The impact of the EU taxonomy on the financing of sustainable development 11 May 2022 163

Since the beginning of the year, financial institutions have been reporting "Green Asset Ratios", the interpretation of which is likely to generate a lot of confusion. The concepts of eligibility and alignment with the EU taxonomy for sustainable activities need to be clarified.

In its Sustainable Finance Action Plan published in 2018, the European Commission affirms the need to redirect capital flows to sustainable projects in order to drive its 2030 climate commitments made under the Paris Agreement, and its desire to become the first net-zero region by 2050. The investment required to achieve this transition makes the use of private capital essential and places financial institutions at the heart of the European sustainable finance strategy. To this end, the EU has developed regulatory tools [1] to ensure the proper identification of sustainable projects, including an EU classification system for sustainable activities, known as the EU taxonomy. It now takes the form of a set of regulations, defining a common language for classifying green activities and disclosure obligations for enterprises.

The EU taxonomy is a methodology for assessing an undertaking's activities in relation to environmental objectives, and more specifically in its current version, to climate change mitigation and adaptation. It is laid out in several successive steps, which, once all the criteria have been met, make it possible to identify "aligned" activities, which either demonstrate a low-carbon performance, or already contribute significantly to the net zero transition, or are "enabling" by allowing the reduction of greenhouse gas emissions. 

The first step is to identify "eligible" activities, i.e. products or services that can contribute a priori to climate change mitigation or adaptation. The second step consists of comparing the performance of these eligible activities with technical criteria defined according to a scientific approach by the group of European experts mandated by the European Commission. These criteria, determined by grouping activities according to NACE classification, are quantitative criteria, most often expressed as a threshold of greenhouse gas emissions per unit of production. Finally, in order to be considered aligned, these activities must be demonstrated to have no harmful impact on other EU environmental objectives – sustainable use and protection of marine resources, transition to a circular economy, protection and restoration of biodiversity and ecosystems, prevention and reduction of pollution – and that they are carried out in compliance with international minimum social safeguards in terms of human rights and labor laws.

In addition to this process, according to the delegated act adopted in July 2021, undertakings subject to the disclosure of an energy performance statement must disclose the proportion of their turnover, capital expenditure and operating expenditure associated with eligible activities as of 2022; then with aligned activities as of 2023 for non-financial undertakings, 2024 for financial undertakings. These disclosure requirements meet the Commission's action plan's objective of transparency and the fight against greenwashing.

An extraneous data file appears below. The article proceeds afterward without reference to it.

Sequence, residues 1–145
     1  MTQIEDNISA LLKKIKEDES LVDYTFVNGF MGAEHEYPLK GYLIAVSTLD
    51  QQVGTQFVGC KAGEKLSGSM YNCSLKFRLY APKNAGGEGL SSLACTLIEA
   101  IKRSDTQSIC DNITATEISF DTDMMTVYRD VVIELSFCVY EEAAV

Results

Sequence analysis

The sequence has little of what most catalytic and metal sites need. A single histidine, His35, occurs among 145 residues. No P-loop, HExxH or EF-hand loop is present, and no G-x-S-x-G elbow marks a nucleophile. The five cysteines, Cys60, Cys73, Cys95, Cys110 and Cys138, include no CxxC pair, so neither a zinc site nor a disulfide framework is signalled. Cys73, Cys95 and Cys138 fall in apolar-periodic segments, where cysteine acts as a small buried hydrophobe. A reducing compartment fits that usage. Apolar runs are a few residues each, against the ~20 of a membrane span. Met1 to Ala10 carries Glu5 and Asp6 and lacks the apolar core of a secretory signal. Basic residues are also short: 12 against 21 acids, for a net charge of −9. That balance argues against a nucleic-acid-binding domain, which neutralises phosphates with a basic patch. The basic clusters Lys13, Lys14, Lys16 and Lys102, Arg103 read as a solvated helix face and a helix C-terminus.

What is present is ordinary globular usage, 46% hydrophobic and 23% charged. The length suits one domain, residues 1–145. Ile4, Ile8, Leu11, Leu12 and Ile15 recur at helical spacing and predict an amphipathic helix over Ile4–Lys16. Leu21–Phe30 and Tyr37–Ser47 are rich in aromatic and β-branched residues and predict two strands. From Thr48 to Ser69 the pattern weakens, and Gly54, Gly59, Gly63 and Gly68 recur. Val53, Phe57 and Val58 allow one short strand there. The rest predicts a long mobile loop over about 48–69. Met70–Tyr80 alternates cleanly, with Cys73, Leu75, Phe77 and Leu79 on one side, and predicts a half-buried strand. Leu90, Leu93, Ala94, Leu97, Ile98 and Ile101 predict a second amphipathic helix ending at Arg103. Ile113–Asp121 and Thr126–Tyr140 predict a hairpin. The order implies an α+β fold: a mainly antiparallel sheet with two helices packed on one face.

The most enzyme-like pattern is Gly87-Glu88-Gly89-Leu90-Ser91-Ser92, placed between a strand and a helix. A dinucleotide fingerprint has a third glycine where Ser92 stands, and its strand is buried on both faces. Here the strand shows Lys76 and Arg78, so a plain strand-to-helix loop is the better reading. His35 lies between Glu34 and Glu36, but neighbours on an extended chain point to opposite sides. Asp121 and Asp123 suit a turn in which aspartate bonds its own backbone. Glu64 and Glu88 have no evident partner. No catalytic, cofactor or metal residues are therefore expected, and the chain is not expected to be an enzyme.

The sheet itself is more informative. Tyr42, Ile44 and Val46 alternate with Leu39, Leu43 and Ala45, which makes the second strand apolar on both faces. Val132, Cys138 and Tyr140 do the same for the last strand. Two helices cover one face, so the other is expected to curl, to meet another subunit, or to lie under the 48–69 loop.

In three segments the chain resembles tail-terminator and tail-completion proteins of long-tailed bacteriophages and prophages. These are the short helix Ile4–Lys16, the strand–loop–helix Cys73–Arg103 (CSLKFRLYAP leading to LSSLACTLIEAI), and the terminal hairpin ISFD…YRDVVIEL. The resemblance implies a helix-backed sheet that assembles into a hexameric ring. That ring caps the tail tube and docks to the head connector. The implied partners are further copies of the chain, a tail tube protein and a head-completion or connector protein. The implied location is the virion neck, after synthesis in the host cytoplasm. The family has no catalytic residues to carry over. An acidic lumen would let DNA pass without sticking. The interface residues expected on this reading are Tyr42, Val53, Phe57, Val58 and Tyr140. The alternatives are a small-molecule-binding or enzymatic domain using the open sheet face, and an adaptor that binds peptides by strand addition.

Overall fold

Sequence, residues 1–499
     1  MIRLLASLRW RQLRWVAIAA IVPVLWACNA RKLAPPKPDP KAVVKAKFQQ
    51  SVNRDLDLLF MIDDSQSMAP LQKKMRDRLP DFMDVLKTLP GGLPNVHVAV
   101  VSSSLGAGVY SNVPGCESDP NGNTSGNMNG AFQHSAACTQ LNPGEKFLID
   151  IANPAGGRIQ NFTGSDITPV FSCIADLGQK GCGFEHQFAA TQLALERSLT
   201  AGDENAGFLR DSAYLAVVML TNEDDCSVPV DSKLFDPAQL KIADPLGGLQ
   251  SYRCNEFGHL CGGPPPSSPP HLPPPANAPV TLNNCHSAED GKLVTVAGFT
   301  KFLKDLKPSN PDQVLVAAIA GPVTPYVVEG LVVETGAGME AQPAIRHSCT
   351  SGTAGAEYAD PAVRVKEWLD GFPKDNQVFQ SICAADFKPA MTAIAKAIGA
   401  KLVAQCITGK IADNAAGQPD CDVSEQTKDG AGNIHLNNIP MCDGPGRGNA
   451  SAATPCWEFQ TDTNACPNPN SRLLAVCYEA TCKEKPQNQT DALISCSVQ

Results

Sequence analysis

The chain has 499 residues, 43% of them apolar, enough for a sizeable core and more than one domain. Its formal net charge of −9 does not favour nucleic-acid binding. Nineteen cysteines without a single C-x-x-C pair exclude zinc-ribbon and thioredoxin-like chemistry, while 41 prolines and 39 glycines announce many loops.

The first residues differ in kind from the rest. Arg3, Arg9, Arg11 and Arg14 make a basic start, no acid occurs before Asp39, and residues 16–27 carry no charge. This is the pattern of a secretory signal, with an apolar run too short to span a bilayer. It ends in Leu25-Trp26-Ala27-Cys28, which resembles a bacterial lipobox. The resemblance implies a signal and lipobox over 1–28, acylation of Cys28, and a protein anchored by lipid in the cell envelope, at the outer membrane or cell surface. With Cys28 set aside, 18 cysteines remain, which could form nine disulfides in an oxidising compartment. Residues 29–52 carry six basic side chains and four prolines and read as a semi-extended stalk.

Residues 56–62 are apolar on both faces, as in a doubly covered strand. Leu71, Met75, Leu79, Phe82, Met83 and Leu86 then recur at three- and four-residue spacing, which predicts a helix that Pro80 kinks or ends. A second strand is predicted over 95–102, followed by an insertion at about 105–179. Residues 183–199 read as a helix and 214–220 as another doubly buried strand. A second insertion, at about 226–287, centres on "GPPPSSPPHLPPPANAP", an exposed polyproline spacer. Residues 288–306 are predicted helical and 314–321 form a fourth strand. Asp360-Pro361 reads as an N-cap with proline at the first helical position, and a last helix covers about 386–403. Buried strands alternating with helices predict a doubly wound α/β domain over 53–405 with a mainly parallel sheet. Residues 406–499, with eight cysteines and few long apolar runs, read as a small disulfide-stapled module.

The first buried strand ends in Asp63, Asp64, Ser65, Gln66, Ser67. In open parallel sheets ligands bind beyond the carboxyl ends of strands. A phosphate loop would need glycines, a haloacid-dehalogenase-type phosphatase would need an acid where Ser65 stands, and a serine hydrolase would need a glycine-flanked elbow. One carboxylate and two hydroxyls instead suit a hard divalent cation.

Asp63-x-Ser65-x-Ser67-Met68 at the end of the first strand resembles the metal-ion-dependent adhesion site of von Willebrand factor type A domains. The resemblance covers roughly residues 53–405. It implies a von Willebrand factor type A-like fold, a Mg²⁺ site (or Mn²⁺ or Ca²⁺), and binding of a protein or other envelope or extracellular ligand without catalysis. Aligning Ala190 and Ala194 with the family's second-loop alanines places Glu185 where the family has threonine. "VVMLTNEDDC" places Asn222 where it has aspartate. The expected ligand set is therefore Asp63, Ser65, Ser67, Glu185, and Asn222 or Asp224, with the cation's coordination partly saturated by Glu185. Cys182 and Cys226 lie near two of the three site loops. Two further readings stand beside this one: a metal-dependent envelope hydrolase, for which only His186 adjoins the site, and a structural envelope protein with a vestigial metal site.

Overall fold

Banks, asset managers and insurers are stakeholders in this transparency effort through the disclosure of "Green Asset Ratios" from the first quarter of 2022. These ratios are defined in the appendices to Article 8 of the Taxonomy Regulation as the eligible and aligned portion of the assets that they hold or finance themselves, or that they manage on behalf of their clients.

This classification and transparency system set up by the taxonomy meets the primary objective of providing investors with a compass of activities. However, in order to meet the expectations of civil society, clients, investors and regulators themselves regarding the involvement of private financial institutions in financing the transition, it must be extended and take into account the trajectory of this transition in its entirety, in order to guarantee more complete and dynamic transparency on the final use of capital. The European Commission's Platform on Sustainable Finance has moreover published in July 2021 a proposal for a dynamic taxonomy to establish different levels of performance and contribution of activities to environmental objectives.

There is a strong risk of diverting financing away from the parts of the economy that actually need investment to achieve the transformation of their activities. Financial resources could get stuck in existing green asset bubbles without a "Greening Asset Ratio"!


[1] Sustainable finance: Commission's Action Plan  Main elements of the Action Plan: a classification system implemented as EU Taxonomy Regulation in 2021; a system of EU labels for green financial products, e.g. the EUGBS (European Green Bonds Standards) introduced in March 2020; the obligation for investors and insurers to integrate sustainability criteria in their processes, formalized in the 2019 Sustainable Finance Disclosure Regulation, and the obligation to inform their customers of the integration of ESG in MiFID and DDA.

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